The Current Status of Free Enterprise Chairs and Professorships in Academe

By Clark, J. R.; Harrison, Ashley S. et al. | Journal of Private Enterprise, Spring 2011 | Go to article overview

The Current Status of Free Enterprise Chairs and Professorships in Academe


Clark, J. R., Harrison, Ashley S., Hobbs, Bradley K., Journal of Private Enterprise


Abstract

This paper discusses the findings from a survey of participants in professional academic conferences supporting classical liberal ideals. We present data on those holding either a chair or professorship in free enterprise or entrepreneurship. Information pertaining to both the position and the individual holders is provided. Respondents reveal perspectives on a range of issues including: major scholars of classical liberalism; sources of academic and intellectual support and influence; respondent's political and economic perspectives; and the professional societies, think tanks, grant agencies and other academic support groups they deem important in the advancement of classical liberal scholarship.

JEL Codes: A13, A14, P19

Keywords: Free enterprise; Entrepreneurship; Chair; Professorship; Classical liberalism

I. Introduction

The current status of chairs and professorships in free enterprise and entrepreneurship is the focus of this work. Many individuals and organizations are interested in the creation of value and wealth through free markets and entrepreneurial action. Over the past two decades, the number of chairs and professorships has increased. There has also been a renewed interest in free enterprise and what free enterprise means to those holding these positions, those aspiring to these positions, and people outside of academe. Information could be gathered with a particular focus on either the positions themselves: what we might call the infrastructure of free enterprise within academe; or the characteristics of the individuals holding these positions: the human capital resources supportive of scholarship and advocacy for free enterprise within academe. This research does both by presenting an initial survey of the existing free enterprise infrastructure within academe, information regarding the characteristics of both the positions themselves and the individuals holding these positions, and an initial assessment of the primary intellectual resources that are important to the work and development of scholars interested in free enterprise and entrepreneurship .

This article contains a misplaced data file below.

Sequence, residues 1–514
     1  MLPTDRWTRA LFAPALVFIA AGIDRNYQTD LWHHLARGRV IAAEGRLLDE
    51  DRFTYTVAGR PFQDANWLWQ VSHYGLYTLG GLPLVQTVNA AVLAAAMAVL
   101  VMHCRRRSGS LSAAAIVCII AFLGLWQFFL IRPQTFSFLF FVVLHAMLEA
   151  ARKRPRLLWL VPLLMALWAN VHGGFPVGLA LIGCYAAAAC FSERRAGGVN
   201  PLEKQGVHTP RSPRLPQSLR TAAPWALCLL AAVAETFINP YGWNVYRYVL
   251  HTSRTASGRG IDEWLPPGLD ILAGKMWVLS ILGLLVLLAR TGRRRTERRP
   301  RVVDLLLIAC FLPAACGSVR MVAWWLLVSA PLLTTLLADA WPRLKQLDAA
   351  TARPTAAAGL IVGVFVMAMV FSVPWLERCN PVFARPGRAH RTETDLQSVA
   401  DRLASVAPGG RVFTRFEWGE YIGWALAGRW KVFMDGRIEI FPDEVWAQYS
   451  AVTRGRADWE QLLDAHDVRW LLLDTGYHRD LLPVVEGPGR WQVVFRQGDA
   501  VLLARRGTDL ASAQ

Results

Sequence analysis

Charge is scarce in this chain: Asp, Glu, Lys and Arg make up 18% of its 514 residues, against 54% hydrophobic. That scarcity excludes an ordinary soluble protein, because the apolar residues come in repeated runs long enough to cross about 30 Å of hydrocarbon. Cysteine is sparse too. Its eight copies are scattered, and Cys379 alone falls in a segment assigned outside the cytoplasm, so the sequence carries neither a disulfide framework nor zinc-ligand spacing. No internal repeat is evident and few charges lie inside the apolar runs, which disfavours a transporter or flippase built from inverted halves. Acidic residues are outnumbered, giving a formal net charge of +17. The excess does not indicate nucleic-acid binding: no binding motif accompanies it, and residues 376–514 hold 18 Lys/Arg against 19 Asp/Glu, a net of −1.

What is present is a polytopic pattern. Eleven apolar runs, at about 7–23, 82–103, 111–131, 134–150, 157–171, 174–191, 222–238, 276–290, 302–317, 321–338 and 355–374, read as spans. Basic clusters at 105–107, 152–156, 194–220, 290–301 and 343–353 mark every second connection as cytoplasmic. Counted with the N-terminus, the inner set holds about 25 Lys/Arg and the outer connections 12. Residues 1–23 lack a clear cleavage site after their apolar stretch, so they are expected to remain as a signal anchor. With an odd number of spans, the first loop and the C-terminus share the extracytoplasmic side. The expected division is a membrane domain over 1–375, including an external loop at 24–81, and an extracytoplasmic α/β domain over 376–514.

A survey was developed and then administered in the summer of 2008 that queried holders of these positions. Topics of inquiry included institutional demographics, structural characteristics of the chair or professorship itself, the history of the position, and an assessment of the demographics, scholarship, political perspectives, support mechanisms, and intellectual influences of those holding the chair or professorship. We were particularly interested in assessing attitudes toward free market and classical liberal ideas and identifying sources of support, sustenance, and intellectual development. These are important because free enterprise and entrepreneurship chairs and professorships may be somewhat isolated on their own campuses given the political perspectives of the academy in general. Academe is not a particularly inviting environment for free enterprise or classical liberal-oriented scholars (Alterman, 1994; Basinger, 1998; Beder, 2005; Cardiff and Klein, 2005; Klein and Stern, 2005; Wooster, 1990). Procuring, developing, and nurturing external resources such as national and international networking opportunities, academic meetings and conferences, free market or classical liberal-based organizations and think tanks, intellectual resources, and funding sources represent an important component of academic opportunity and growth. In short, given the autarkic nature of many of these scholars' positions, external networking and support are crucial.

This survey provides a benchmark for the current status of chairs and professorships in free enterprise and entrepreneurship and attempts to gauge their support for classical liberalism. It collects information on institutional demographics; the characteristics of the chair or professorship itself; a brief history of the position including previous holders and their fields; individual demographics and perspectives on classical liberal ideas; and intellectual influences including institutions, writers, and colleagues. …

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